Related topics: climate change · sea level rise · ice · climate · sea level

Researchers find Greenland glacial meltwaters rich in mercury

New research shows that concentrations of the toxic element mercury in rivers and fjords connected to the Greenland Ice Sheet are comparable to rivers in industrial China, an unexpected finding that is raising questions about ...

Iceland's glaciers lose 750 km2 in 20 years

Iceland's glaciers have lost around 750 square kilometres (290 square miles), or seven percent of their surface, since the turn of the millennium due to global warming, a study published on Monday showed.

Global study of glacier debris shows impact on melt rate

A large-scale research project at the University of Alaska Fairbanks Geophysical Institute has revealed insight into the relationship between surface debris on glaciers and the rate at which they melt.

Airborne radar reveals groundwater beneath glacier

Melting glaciers and polar ice sheets are among the dominant sources of sea-level rise, yet until now, the water beneath them has remained hidden from airborne ice-penetrating radar.

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Glacier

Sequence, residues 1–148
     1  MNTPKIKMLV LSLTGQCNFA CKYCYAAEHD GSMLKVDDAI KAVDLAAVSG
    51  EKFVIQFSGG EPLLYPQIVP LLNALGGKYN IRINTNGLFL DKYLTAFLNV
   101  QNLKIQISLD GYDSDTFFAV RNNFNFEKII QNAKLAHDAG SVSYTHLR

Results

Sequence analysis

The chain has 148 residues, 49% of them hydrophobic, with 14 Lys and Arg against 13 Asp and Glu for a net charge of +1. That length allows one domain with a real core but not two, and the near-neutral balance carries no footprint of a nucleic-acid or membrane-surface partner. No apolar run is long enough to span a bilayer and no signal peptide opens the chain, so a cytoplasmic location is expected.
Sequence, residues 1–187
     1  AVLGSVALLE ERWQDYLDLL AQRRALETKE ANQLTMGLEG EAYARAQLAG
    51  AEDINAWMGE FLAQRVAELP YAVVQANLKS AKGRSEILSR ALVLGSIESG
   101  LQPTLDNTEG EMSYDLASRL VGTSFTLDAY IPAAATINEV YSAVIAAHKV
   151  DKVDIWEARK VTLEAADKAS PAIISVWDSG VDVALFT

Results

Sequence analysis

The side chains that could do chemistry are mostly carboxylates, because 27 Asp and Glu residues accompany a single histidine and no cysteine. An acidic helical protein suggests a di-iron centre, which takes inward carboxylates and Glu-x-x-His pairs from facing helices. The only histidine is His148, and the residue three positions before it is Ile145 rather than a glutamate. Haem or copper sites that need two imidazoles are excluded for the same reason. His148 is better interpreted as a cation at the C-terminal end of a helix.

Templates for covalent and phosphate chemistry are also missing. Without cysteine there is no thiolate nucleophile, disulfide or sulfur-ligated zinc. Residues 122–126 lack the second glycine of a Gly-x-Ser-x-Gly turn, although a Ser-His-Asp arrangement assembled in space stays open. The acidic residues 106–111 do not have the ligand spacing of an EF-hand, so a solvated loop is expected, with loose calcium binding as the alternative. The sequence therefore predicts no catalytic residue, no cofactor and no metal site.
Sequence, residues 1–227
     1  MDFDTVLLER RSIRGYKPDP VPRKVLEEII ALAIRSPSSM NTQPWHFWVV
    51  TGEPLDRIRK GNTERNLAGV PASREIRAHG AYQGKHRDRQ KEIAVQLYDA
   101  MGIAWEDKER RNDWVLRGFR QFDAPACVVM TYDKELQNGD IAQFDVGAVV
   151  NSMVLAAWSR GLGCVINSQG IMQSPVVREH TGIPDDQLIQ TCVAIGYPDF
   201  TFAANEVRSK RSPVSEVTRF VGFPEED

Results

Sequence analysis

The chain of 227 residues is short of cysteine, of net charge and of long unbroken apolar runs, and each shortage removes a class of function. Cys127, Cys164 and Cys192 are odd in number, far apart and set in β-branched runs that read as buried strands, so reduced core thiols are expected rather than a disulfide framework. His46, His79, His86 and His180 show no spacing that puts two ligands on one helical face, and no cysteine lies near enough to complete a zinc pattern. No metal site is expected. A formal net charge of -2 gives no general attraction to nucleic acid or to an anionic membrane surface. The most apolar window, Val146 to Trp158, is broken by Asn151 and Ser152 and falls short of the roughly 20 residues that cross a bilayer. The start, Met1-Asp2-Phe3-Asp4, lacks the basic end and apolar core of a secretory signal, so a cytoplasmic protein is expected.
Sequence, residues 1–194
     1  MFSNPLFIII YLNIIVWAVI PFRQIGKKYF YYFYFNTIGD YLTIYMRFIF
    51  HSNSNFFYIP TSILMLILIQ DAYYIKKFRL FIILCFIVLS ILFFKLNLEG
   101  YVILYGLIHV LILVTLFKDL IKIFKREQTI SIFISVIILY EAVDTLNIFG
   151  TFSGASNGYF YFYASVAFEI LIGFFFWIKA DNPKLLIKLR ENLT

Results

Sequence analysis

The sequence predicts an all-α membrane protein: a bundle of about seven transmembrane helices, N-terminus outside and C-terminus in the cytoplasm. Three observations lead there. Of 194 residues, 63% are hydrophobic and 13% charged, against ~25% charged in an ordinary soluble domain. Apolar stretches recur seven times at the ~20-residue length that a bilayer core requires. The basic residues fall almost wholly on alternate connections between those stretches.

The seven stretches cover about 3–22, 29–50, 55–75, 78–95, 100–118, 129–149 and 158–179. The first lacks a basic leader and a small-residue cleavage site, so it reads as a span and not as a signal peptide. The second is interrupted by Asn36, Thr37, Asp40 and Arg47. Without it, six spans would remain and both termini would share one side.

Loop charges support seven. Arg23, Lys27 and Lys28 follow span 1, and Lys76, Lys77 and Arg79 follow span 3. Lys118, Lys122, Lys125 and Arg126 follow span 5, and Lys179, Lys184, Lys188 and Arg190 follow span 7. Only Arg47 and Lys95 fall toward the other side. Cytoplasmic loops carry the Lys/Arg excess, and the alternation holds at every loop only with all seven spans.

A glacier is a large mass of ice moving slowly over some land surface or down a valley, formed over long periods from the accumulation of snow in areas where the amount of snow that falls exceeds the amount that melts. The word glacier comes from French via the Vulgar Latin glacia, and ultimately from Latin glacies meaning ice.

Glacier ice is the largest reservoir of fresh water on Earth, and second only to oceans as the largest reservoir of total water. Glaciers cover vast areas of the polar regions and are found in mountain ranges of every continent except Australia, as well as in New Zealand. In the tropics glaciers are restricted to the highest mountains. The processes and landforms caused by glaciers and related to them are referred to as glacial. The process of glacier growth and establishment is called glaciation. Glaciers are sensitive monitors of climate conditions and are crucial to both world water resources and sea level variation.

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